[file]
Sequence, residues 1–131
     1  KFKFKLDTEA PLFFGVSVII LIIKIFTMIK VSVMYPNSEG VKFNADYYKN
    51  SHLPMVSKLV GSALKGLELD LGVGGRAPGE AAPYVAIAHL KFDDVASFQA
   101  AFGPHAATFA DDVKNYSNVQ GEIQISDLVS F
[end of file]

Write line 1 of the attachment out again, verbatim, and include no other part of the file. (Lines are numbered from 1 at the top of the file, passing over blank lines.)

Sequence, residues 1–131